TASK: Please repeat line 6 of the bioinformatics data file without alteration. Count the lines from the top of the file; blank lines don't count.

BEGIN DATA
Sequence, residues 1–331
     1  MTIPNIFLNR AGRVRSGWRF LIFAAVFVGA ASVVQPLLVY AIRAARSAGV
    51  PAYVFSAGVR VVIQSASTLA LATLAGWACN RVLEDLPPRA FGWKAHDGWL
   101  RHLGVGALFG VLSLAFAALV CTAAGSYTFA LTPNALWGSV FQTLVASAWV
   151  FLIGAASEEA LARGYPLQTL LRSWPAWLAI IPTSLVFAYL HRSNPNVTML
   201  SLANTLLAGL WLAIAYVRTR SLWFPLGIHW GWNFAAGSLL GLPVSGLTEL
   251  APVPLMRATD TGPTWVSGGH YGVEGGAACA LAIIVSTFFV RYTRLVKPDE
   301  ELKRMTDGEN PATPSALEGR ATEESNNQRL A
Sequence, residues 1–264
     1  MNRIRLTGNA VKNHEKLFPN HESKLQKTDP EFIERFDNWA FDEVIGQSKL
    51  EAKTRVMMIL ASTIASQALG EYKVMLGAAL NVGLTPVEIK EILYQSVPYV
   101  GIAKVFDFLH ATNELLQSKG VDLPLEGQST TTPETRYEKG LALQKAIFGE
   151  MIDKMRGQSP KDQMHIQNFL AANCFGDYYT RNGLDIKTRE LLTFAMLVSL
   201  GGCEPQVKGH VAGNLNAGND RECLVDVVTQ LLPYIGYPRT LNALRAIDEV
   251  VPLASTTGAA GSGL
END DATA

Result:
   201  SLANTLLAGL WLAIAYVRTR SLWFPLGIHW GWNFAAGSLL GLPVSGLTEL